Sure but these "jokes" were at the expense of the OP and generally derided his assumed position of wealth. Certainly agree the original question was off the mark, but I thought we were a little more open to other points of view than this. If he had mentioned a much more modest sum, I suspect our responses would have been much more civil and helpful.
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Old 02-01-2016, 07:42 PM   #52
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it's *only* $200K on 4% rule !
I think someone that amasses $5m probably has had a good paying job for some time, and probably spends more than $200k per year in their bigger earning years. It may be tough for them to live on $200k in retirement.
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Old 02-01-2016, 08:23 PM   #53
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I just wanna hear some more of those illicit comments from our esteemed moderator.
I meant elicit some illicit comments. LOL

(Or... I mistyped. )
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Old 02-01-2016, 08:24 PM   #54
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It may be tough for them to live on $200k in retirement.
As is often pointed out on this forum, depending on geography, it can be tough to live on $200K when working.
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Old 02-01-2016, 09:19 PM   #55
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Yes, I've noticed that trend growing the past few years.

Many people seem to be taking the outlook that the goal is to have as much or more, in real dollars, at the end as in the beginning whether you're talking a single year or the balance of your life. Whereas in earlier years on the Forum most seemed to be looking at simply not running out of money while trading it for the retirement lifestyle they enjoyed the most.

I think the proportion of folks who get more satisfaction out of not spending than spending is growing. For example, there seem to be more folks who would gain more satisfaction from staying home and not spending $10k on travel than actually doing the travel. They'd really enjoy the travel. But they'd enjoy opening the spreadsheet and seeing the unspent money there even more.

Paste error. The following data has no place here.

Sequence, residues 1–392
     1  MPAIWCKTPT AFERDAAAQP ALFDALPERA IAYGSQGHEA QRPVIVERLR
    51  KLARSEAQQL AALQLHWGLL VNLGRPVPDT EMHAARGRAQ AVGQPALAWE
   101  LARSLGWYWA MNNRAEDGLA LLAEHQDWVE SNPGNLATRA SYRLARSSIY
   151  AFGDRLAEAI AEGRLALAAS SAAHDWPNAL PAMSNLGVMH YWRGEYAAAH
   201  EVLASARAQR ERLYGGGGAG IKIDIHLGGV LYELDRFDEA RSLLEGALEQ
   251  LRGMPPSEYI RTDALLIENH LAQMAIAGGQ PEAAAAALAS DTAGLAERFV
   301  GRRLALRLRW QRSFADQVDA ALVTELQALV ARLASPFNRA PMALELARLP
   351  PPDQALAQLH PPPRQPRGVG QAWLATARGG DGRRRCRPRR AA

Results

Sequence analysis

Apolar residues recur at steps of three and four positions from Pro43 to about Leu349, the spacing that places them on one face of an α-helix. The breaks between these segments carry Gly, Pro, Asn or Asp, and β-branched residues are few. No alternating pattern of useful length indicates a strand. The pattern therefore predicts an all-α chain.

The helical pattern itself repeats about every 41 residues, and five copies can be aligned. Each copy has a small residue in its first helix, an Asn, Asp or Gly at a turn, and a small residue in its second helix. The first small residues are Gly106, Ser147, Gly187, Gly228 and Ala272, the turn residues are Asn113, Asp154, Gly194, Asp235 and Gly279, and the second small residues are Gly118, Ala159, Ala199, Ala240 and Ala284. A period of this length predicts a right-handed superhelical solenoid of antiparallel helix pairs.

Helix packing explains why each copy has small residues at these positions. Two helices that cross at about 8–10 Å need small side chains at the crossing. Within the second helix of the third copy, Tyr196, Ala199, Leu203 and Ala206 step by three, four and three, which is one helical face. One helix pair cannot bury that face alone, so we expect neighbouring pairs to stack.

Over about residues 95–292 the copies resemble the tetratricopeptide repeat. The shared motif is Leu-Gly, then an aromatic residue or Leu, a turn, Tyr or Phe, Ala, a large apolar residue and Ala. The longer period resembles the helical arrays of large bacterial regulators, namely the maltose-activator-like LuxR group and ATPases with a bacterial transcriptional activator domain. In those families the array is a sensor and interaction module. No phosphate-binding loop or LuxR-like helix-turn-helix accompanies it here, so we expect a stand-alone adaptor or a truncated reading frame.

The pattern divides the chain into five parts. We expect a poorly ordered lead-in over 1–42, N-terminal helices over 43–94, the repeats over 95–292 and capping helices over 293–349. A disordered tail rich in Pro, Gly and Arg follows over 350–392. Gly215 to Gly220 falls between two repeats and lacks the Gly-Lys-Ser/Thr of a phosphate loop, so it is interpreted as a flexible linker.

After a lifetime of intense planning and saving, seeing your portfolio grow in real terms post retirement is more satisfying than spending some money to have more experiences.

Not my view but I can understand how it can be for many.

I can totally agree, seeing numbers move up is pretty exciting. Being able to send grandkids to college is high on my list hopefully in 10 years.


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Old 02-01-2016, 09:41 PM   #56
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As is often pointed out on this forum, depending on geography, it can be tough to live on $200K when working.
In CA, that's $50K in fed and state income tax for MFJ with standard deduction. It's $15K tax for $100K. Add another 7.45% for FICA.

For single, $25K fed and state income tax for $100K and $65K tax for $200K. Then additional 7.45% FICA for $100K, slightly less for $200K ($117K income cap for SS).
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Old 02-01-2016, 09:42 PM   #57
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Certainly better than sarcasm.
What's wrong with sarcasm?
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Old 02-01-2016, 10:06 PM   #58
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In CA, that's $50K in fed and state income tax for MFJ with standard deduction. It's $15K tax for $100K. Add another 7.45% for FICA.

For single, $25K fed and state income tax for $100K and $65K tax for $200K. Then additional 7.45% FICA for $100K, slightly less for $200K ($117K income cap for SS).
Us retirees don't pay no FiCA; we collect through SS a small portion of that which has been deposited in our accounts; never to come out even or ahead of what we have put in.
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Old 02-01-2016, 10:12 PM   #59
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Us retirees don't pay no FiCA; we collect through SS a small portion of that which has been deposited in our accounts; never to come out even or ahead of what we have put in.
This is the comment I was replying to.
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As is often pointed out on this forum, depending on geography, it can be tough to live on $200K when working.
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Old 02-02-2016, 05:57 AM   #60
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I can totally agree, seeing numbers move up is pretty exciting. Being able to send grandkids to college is high on my list hopefully in 10 years.


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It might be a few factors. One is the very erratic nature of the market in the past few years; you want to build up some ice under your feet for when the next meltdown arrives.

The other may be that the profile of those on this forum has changed.

Just an impression, but it seems that when I first started lurking here 10 years ago the typical RE person was late 40's and early 50's. About 3 years ago we've seem to be seeing people in their 20's and 30's; obviously the money has to last a lot longer.

There also seems to be a lot of folk who left work involuntarily; maybe a little less prepared financially so the need for continued growth vs spend down is there.

Just my guess.